Werowocomoco was a town that served as the headquarters of the paramount chief Powhatan, the Virginia Algonquian political and spiritual leader, when the English founded Jamestown in 1607. Powhatan received tribute from 30 Virginia Algonquian tribes, in return for providing food in times of famine, military protection, and spiritual powers. He held sacred materials such as copper and certain colors of shell beads. This town had been developed and occupied by various Native American peoples since 1200 CE.
"Werowocomoco" was documented by English settlers in 1608 as located near the north bank of the York River in what is now Gloucester County. It was separated by that river and the narrow Virginia Peninsula from the English settlement of Jamestown, located on the James River. Powhatan's Chimney, a site of historical ruins associated with a house purported to have been built for Powhatan, was earlier thought to have been the site of this capital.
In 1977, an archaeologist found ground-surface artifacts at a site further west on the York River on Purtan Bay, about west of Gloucester. He determined they indicated a late Woodland/early European contact-era settlement.
In 2002 current landowners of this site permitted an archaeological survey of their property. It revealed extensive artifacts on what may have been a settlement, with habitation from 1200 into the 1600s. Archaeologists and anthropologists believe this is the site of Werowocomoco.
Since 2003, a team of archaeologists and related researchers has been working at this site. They and the landowners initiated consultation with the Virginia Council on Indians to plan and execute excavations on the site. Representatives of local Virginia Indian tribes, some of whom are descendants of the tributary tribes of Powhatan, continue to advise the research. Excavations at the site since 2003 have revealed evidence of a large town, including two -long, curved, earthwork ditches built from the river bank about 1400, two hundred years before the English first visited the area. In 2006 the Werowocomoco Archeological Site was listed on the National Register of Historic Places (NRHP). Excavations will continue. Scholars hope to find more evidence about the political nature of the Powhatan polity.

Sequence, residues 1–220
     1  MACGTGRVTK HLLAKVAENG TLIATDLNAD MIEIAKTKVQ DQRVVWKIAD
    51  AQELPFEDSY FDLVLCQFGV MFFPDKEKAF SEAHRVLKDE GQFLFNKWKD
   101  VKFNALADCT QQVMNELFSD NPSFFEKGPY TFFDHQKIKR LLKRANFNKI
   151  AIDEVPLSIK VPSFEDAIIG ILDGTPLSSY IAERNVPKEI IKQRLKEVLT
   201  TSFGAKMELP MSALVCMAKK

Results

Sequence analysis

In 2014, President Barack Obama proposed future federal budget funding to acquire this site in Gloucester County to make it part of the National Park System. Under this proposal, Werowocomoco would be formally opened to public visitation under the management of the National Park Service.
Powhatan became the title associated with the paramount chief when Wahunsenacawh (sometimes spelled Wahunsonacock) was selected for the position. He came from a small village named Powhatan, meaning the falls of the river, at the fall line of the James River. His people were known by that geographic name as well. The present-day Powhatan Hill neighborhood of Richmond, Virginia was developed at the site of the former Native American village.
The name Werowocomoco comes from the Powhatan werowans (weroance), meaning "leader" in English; and komakah (-comoco), "settlement". It is unknown when Powhatan moved there. He may have wanted to live in a place associated with Native American leaders.
In 2002–2003 a comprehensive archaeological survey and excavations revealed an extensive settlement on the York River which researchers believe was Werowocomoco. Excavation has revealed that the settlement was inhabited since 1200 CE, and complex earthworks were built about 1400 CE. Powhatan may have made use of a site already well-known to his people as a regional center.